11. Mr. K. Parasaran, the learned. Senior Counsel appearing for the petitioners, contends that when the policy decision is, with effect from 1.4.1991, to allow all kinds of finished leather for export under OGL No. 3 subject to allocation and administration of quotes by the Council for Leather Exports, Madras, the passing of the impugned order is; bad in law. The learned Senior Counsel farther contends that the impugned order which prescribes that the finished leather is to be exported must be imparted with a medium/darker shade is erroneous in Saw. He also contends that once a policy decision is taken, all finished leather can be exported and that the restrictions to the effect that it should be so dyed as to impart a medium/dark shade is arbitrary and irrational. According to the learned Senior Counsel, the reasoning given in the counter affidavit that semi-finished leather could easily be given temporary finish in light shades and exported in the garb of finished leather for farther finishing is not at all a reason for imposing the present conditions with regard to shades. According to the learned Senior Counsel, it is an irrelevant consideration for imposing a condition that finished leather should be imparted a medium/dark shade. The learned Senior Counsel further contends that shade cannot determine its nature as to whether it is semi-finished or finished leather because finished leather can be dipped in light shade and semi-finished leather can be dipped in dark shade. The learned Senior Counsel further raises an interesting point of law in this case, viz. when finished leather has been permitted to be exported even before 1960 and in 1960 certain norms have been prescribed and light shades were being exported, it creates a legitimate expectation from the consistent past practices and the doctrine of legitimate expectation goes beyond the right to be heard. According to the learned Senior Counsel, the doctrine of legitimate expectation is a concept which plays a substantial role now-a-days in such matters. He also contends that policy decisions have been subjected to the principles of legitimate expectation and therefore the principle of fairness, both regarding procedure and also substantive rights, apply. He also contends that the doctrine of legitimate expectation gives a right to question the legality of the policy and that C.L.R.L is given a power to issue a certificate, that power is given to an authority without guidelines with no correctional remedy if that authority should make mistake and that it vitiates the very policy. It is also contended by the learned senior counsel that no guidelines have been framed as to how to determine medium/dark shades, that certification with regard to all types of suede leather (finished leather) has to be done by C.L.R.L and as such the policy has to be struck down as it is bad for abdication of power and delegation being without guidelines. It is also contended by the learned senior counsel that the restriction on export based on colour is arbitrary and irrational, that it is not related either to commercial considerations or earning of foreign exchange, and that it is not related to any of the considerations which should be relevant in the context of export under the Import and Export Control Act. The learned Senior Counsel further contends that there is no nexus to the object sought to be achieved by the Import and Export Control Act and therefore violative of Article 14 of the Constitution. The sum and substance of the argument of the learned Senior Counsel is that the impugned order is violative of Article 14 of the Constitution of India, that it is highly arbitrary and irrational and that it has to be struck down.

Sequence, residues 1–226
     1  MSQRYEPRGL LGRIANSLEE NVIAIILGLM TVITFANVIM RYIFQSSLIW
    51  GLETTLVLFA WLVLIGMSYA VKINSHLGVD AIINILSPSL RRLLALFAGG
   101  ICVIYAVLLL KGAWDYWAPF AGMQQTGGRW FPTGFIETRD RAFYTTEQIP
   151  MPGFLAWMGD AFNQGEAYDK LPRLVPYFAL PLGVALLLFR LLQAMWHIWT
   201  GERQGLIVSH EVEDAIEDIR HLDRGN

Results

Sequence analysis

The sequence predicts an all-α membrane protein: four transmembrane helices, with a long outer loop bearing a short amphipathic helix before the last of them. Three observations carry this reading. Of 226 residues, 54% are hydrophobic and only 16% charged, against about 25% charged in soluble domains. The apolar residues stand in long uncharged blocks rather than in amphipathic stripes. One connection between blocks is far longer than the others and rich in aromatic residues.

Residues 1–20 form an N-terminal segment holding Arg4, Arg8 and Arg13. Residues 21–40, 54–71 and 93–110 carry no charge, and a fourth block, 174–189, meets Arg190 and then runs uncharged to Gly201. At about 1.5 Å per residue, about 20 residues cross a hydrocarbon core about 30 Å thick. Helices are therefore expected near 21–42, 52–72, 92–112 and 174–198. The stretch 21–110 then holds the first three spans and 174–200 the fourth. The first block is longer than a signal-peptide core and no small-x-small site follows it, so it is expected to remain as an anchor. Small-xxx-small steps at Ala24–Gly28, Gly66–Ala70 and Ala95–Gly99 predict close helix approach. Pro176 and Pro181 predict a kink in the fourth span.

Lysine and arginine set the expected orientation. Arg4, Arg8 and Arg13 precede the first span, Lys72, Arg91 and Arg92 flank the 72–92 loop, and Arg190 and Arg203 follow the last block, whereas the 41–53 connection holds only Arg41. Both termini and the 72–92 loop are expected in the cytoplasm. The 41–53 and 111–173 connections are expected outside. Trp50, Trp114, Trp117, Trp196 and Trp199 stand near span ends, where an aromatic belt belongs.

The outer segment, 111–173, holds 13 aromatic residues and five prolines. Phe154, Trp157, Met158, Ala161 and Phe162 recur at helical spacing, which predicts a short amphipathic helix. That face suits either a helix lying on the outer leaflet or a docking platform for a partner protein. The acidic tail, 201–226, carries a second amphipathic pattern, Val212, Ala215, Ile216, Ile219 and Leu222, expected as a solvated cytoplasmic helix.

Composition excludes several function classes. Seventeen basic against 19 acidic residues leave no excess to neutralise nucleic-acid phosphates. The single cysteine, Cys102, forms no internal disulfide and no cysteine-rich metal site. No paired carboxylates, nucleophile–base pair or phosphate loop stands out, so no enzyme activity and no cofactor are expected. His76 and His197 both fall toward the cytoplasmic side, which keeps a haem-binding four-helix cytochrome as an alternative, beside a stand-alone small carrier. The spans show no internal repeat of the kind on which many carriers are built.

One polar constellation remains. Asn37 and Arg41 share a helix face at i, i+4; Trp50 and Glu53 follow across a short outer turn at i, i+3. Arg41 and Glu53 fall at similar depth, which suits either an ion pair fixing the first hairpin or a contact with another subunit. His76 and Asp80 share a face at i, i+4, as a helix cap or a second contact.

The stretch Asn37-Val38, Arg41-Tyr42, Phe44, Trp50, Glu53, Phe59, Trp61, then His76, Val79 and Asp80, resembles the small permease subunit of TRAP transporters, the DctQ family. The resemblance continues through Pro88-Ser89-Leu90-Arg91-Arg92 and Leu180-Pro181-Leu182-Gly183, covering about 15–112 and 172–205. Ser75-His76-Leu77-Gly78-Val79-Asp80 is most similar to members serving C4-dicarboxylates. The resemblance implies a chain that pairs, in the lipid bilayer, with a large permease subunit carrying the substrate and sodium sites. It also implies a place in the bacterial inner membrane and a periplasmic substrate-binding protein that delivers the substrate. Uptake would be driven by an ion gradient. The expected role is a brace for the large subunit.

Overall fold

12. Mr. Habibullah Badsha, the learned Senior Counsel appearing for the 8th respondent, in the